Our dog’s given name is Matzah Ball Norman Nathman. He also responds to Matz, Matzy, Mazteroni, Matzerella, Schmatz, Schmatzeleh, Smooshy pants, Pumpkin Peanut Butter, and Matz, Matz, Matz, Matz Matzeranne (that’s all one name, sung to The Beach Boy’s Barbara Ann), and once upon a time, Flapjack. I think the real measure of how much you love your pup has to do with how many names he has. By that measure, ours is clearly very loved. And I’m just happy he’s here to let us love him.
Growing up, I wasn’t raised in a dog family. We weren’t a cat family either. Besides a tank of fish that lasted a year at the most, we weren’t really a pet family, and that was just the way it was. But I knew that I always wanted a pet of my own (I don’t count the time I was 17 and snuck the most delightful little orange tabby cat into my closet. I was able to keep Spartacus for three days until my parents found out and had me rehome him).
Our first pet–or at least the first one I shared with my husband–was a cat named Chicken Noodle, and she wasn’t so much a choice as a good deed. Our neighbor had a handful of cats she needed to rehome and was unable to find a no-kill shelter for her favorite one, so the adorable 4-year-old kitty ended up with us “just for a few weeks.” 12 years later we had given her a good, loving home and are grateful for the years we had her in our lives.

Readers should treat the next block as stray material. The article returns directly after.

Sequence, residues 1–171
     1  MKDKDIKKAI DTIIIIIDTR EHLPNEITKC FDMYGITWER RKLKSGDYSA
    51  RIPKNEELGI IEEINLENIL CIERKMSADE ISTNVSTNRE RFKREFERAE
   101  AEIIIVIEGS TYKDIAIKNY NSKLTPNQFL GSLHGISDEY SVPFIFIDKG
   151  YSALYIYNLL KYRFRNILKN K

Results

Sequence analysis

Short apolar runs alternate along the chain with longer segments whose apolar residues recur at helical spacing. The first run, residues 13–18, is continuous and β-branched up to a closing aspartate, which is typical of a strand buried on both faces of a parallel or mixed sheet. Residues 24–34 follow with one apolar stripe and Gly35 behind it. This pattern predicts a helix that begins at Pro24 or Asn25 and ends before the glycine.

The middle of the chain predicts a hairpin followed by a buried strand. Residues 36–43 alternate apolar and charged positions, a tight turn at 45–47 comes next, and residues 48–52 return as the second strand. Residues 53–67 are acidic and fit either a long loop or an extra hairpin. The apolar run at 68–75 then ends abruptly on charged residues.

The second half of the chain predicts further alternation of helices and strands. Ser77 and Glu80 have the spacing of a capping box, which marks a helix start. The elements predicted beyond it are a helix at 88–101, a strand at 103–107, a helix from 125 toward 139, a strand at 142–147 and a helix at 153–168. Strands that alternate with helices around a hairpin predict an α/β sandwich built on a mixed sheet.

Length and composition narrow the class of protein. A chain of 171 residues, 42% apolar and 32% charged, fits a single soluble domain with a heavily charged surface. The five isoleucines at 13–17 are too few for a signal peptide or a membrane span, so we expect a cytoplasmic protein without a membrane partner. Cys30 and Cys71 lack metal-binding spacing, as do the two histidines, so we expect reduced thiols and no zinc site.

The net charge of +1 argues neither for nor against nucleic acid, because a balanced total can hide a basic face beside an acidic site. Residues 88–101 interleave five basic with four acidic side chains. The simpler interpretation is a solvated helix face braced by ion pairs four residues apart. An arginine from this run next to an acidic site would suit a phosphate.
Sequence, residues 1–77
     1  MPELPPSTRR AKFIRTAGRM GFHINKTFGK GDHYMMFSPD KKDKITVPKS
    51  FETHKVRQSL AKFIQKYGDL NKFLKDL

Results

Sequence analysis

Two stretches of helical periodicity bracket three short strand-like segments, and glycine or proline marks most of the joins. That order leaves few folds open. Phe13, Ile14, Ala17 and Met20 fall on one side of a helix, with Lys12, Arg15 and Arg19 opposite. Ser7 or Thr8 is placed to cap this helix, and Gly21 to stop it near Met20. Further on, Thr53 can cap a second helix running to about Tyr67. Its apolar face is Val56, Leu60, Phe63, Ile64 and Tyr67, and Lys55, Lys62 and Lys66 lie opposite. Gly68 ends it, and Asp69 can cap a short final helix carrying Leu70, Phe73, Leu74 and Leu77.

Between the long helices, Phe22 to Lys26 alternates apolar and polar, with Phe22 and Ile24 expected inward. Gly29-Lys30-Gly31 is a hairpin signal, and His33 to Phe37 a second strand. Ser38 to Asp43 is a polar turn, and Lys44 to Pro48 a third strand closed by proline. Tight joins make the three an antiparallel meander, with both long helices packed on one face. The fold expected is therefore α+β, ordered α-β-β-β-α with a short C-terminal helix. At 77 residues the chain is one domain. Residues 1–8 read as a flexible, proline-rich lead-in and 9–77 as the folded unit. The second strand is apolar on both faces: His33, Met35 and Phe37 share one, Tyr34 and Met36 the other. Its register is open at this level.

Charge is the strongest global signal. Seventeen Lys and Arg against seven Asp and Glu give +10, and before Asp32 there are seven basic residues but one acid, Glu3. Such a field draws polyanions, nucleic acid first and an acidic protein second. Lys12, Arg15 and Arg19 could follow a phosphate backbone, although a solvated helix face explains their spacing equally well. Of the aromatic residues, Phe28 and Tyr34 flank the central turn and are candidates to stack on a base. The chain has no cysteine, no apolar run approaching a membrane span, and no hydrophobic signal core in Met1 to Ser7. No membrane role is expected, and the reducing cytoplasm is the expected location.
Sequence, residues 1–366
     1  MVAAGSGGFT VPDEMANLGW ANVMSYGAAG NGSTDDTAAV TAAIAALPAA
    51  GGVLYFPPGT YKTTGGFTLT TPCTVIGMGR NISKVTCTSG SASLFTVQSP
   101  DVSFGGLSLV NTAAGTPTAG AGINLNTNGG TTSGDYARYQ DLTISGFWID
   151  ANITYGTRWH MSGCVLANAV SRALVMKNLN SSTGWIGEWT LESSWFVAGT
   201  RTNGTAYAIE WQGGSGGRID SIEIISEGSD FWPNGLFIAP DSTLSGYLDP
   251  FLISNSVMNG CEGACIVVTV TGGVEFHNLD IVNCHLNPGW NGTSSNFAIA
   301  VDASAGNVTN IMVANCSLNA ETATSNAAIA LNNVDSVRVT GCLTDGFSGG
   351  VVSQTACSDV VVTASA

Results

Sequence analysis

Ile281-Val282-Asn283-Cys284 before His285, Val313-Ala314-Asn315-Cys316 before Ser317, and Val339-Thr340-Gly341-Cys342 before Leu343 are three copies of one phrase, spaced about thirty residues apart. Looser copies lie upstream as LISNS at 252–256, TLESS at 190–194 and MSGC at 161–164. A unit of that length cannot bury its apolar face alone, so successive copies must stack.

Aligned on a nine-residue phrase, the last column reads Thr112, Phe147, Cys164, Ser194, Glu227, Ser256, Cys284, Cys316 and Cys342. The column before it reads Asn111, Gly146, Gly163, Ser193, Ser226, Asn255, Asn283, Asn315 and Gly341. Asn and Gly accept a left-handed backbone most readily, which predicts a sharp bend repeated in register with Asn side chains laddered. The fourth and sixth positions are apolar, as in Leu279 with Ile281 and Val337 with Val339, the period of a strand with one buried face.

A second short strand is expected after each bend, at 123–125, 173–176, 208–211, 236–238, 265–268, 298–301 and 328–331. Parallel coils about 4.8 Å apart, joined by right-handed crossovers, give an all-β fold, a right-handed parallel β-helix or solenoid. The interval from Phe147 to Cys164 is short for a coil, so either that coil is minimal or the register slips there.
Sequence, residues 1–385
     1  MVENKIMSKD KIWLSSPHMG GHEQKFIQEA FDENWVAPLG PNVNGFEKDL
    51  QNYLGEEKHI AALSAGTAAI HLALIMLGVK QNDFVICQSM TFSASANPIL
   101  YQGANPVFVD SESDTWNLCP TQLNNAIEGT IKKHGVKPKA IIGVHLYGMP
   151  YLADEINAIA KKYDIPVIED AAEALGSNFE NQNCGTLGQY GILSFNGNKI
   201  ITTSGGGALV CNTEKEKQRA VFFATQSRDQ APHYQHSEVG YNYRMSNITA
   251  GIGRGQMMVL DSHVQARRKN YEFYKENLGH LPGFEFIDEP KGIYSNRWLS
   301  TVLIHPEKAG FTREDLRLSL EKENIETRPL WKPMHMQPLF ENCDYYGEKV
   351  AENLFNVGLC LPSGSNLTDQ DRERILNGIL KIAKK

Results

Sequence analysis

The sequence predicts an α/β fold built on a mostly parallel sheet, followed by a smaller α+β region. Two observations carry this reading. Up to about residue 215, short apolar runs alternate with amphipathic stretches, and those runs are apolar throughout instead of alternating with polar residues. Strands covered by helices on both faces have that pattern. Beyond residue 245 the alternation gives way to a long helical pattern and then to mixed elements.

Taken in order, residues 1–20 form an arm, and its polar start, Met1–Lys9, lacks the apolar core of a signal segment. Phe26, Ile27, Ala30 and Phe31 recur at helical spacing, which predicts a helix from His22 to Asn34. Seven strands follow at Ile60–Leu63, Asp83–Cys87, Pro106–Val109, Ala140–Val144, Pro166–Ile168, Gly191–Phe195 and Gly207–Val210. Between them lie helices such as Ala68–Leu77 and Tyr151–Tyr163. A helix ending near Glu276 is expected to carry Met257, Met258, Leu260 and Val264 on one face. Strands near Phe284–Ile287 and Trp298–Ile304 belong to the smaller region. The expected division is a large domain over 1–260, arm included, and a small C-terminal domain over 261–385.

Around a year after her death, we decided we were ready for a new pet, one that we would actively choose together.
My husband, son and I visited the local shelters, but there were never many dogs up for adoption, and the ones they did have just weren’t the right fit for our family. I did know, however, that I wanted to adopt rather than purchase a dog from a breeder or dog mill store. After all, around 6.5 million animals enter shelters every year, and 1.5 million of them end up being euthanized. We were committed to rescuing our next pet.
So we widened our search.
I started looking on PetFinder, expanding to the states around us to see which dogs popped up. By the time I found one that looked to be a good fit and got around to showing my husband and son, she was gone, scooped up by another family. We had a handful of similar false starts that reminded me not to get my heart so attached. We got as far as applying for one sweet puppy and were super sad when we weren’t chosen.
But then, there was Flapjack. He was an 8-week-old mutt that looked to be a mix between a dachshund and a hound. The few pictures there were of him showed a sweet looking puppy with floppy ears. It was enough to pull us in. Plus, his location stated he was in the next state over, so it wouldn’t be too much hassle to hopefully go and meet him.
Best laid plans and all, it wasn’t that simple.
Unfortunately, I found Flapjack while my son and I were visiting my grandmother down in Florida, while my husband was back home in Massachusetts. To top it all off, Flapjack wasn’t in Connecticut as his profile insinuated. He was actually based in South Carolina, with the “potential” to make it up to Connecticut, according to his foster mom in our initial emails.